Mick Webb travelled with Virgin Atlantic (0844 874 7747;, which flies twice-weekly from Gatwick to Cancun. Alternatively, BA ( flies from Gatwick, while Thomson Airways ( and Thomas Cook ( offer charter flights.

Getting around

Virgin Holidays (0844 557 3859; offers a week’s all-inclusive at the Royal Hideaway, with a seven-day tour of the Yucatán, including Campeche, from £2,889pp, inc flights.

Staying there

The Hacienda Puerta ( Doubles US$180 (£120).

The Don Gustavo ( Doubles from US$180 (£120). Both without breakfast.

More information

Campeche State Touist Board (; Mexico Tourism (

Have you tried new the Independent Digital Edition apps?
ebookHow to enjoy the perfect short break in 20 great cities
The 67P/CG comet as seen from the Philae lander
scienceThe most important scientific breakthroughs of 2014
Arts and Entertainment
Ian McKellen as Gandalf in The Hobbit: The Battle Of The Five Armies
Arts and Entertainment
Sarah Koenig, creator of popular podcast Serial, which is to be broadcast by the BBC
tvReview: The secret to the programme's success is that it allows its audience to play detective
Ruby Wax has previously written about her mental health problems in her book Sane New World
Independent Travel Videos
Independent Travel Videos
Simon Calder in Amsterdam
Independent Travel Videos
Simon Calder in Giverny
Independent Travel Videos
Simon Calder in St John's
Independent Travel Videos
Latest stories from i100
Have you tried new the Independent Digital Edition apps?
Independent Dating

By clicking 'Search' you
are agreeing to our
Terms of Use.

ES Rentals

    iJobs Job Widget
    iJobs Travel

    Investigo: Finance Analyst

    £240 - £275 per day: Investigo: Support the global business through in-depth a...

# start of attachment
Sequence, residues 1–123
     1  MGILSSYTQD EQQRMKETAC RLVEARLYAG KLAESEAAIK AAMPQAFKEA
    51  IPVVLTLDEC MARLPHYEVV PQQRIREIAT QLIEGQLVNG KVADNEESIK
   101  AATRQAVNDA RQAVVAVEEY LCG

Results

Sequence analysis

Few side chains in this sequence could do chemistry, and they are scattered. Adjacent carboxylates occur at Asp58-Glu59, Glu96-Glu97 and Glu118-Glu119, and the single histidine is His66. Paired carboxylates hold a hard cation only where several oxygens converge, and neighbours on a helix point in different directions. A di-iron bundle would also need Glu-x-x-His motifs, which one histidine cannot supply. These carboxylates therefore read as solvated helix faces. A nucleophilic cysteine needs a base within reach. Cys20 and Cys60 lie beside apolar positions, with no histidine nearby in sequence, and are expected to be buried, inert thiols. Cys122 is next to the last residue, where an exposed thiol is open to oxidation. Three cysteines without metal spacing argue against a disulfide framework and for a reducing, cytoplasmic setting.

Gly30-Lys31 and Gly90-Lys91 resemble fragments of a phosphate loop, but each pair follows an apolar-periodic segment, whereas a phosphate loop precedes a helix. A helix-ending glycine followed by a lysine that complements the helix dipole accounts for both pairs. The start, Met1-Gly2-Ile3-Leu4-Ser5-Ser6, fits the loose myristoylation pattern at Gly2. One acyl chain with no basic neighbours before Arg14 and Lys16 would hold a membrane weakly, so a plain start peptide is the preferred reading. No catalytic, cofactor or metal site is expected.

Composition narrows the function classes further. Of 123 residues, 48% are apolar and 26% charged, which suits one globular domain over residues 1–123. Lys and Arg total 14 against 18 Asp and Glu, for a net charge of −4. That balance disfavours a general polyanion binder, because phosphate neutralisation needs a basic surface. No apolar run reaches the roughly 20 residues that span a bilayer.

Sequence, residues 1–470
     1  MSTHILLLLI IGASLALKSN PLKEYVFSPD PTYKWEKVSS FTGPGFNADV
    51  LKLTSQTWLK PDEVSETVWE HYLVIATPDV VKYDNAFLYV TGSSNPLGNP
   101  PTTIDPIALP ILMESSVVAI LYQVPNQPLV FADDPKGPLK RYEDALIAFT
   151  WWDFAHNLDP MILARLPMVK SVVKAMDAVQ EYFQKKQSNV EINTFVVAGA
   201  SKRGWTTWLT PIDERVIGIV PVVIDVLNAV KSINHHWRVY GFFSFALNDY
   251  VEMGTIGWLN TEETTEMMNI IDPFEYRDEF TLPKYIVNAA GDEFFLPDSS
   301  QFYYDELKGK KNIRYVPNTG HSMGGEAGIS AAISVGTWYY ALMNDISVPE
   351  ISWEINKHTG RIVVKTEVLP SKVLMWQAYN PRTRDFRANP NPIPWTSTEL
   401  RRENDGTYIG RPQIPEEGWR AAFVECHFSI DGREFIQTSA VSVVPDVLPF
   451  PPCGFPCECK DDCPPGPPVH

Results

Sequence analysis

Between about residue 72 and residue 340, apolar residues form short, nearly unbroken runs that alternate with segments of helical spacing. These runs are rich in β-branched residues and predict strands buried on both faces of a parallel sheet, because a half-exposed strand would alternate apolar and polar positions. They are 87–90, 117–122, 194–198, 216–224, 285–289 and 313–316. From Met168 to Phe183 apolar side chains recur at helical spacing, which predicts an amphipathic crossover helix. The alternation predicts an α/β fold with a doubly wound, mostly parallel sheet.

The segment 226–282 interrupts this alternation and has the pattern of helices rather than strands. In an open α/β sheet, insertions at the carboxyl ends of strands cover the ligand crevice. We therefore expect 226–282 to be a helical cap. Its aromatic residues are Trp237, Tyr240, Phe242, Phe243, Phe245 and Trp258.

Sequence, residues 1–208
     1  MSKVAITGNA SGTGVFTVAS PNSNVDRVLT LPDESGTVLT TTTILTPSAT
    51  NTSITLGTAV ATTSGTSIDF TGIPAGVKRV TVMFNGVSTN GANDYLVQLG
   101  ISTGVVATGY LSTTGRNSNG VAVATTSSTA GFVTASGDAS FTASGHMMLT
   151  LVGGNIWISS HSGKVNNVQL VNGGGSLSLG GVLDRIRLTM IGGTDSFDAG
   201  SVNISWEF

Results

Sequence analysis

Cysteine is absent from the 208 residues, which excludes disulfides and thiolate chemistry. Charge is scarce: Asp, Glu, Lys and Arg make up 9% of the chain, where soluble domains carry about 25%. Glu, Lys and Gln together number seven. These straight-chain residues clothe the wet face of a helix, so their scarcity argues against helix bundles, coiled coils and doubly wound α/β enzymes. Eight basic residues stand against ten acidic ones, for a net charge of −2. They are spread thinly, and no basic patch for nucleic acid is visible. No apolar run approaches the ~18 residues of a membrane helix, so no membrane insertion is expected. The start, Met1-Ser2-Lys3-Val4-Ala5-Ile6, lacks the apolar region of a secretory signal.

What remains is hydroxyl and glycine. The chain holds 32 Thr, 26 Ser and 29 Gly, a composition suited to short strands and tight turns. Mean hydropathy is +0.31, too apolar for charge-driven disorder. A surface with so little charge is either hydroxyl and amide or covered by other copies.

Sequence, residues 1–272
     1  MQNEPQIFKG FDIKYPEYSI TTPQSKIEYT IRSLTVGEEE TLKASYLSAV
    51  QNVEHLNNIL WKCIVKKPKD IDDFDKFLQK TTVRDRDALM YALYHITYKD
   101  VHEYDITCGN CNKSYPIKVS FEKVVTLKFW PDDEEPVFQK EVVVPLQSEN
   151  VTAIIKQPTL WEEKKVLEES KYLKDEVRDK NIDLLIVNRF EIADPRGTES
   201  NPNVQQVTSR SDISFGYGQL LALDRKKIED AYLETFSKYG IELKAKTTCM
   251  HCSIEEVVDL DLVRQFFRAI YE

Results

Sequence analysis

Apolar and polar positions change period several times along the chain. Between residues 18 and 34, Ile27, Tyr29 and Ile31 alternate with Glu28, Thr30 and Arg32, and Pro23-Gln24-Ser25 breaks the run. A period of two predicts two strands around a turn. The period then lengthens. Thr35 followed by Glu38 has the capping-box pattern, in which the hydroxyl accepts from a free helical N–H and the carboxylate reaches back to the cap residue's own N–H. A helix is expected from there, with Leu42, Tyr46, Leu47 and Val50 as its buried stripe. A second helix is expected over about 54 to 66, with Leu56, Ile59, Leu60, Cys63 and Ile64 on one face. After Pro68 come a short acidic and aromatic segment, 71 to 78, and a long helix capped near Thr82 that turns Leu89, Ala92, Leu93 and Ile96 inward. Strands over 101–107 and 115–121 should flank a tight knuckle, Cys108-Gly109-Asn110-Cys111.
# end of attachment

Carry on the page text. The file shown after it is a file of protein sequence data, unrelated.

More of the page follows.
Ashdown Group: Data Manager - £Market Rate

    Negotiable: Ashdown Group: Data Manager - MySQL, Shell Scripts, Java, VB Scrip...

    Ashdown Group: Application Support Analyst - Bedfordshire/Cambs border - £32k

    £27000 - £32000 per annum: Ashdown Group: Application Support Analyst - near S...

    Recruitment Genius: Class 1 HGV Driver

    £23000 - £27000 per annum: Recruitment Genius: This successful group of compan...

    Day In a Page

    Homeless Veterans appeal: 'You look for someone who's an inspiration and try to be like them'

    Homeless Veterans appeal

    In 2010, Sgt Gary Jamieson stepped on an IED in Afghanistan and lost his legs and an arm. He reveals what, and who, helped him to make a remarkable recovery
    Could cannabis oil reverse the effects of cancer?

    Could cannabis oil reverse effects of cancer?

    As a film following six patients receiving the controversial treatment is released, Kate Hilpern uncovers a very slippery issue
    The Interview movie review: You can't see Seth Rogen and James Franco's Kim Jong Un assassination film, but you can read about it here

    The Interview movie review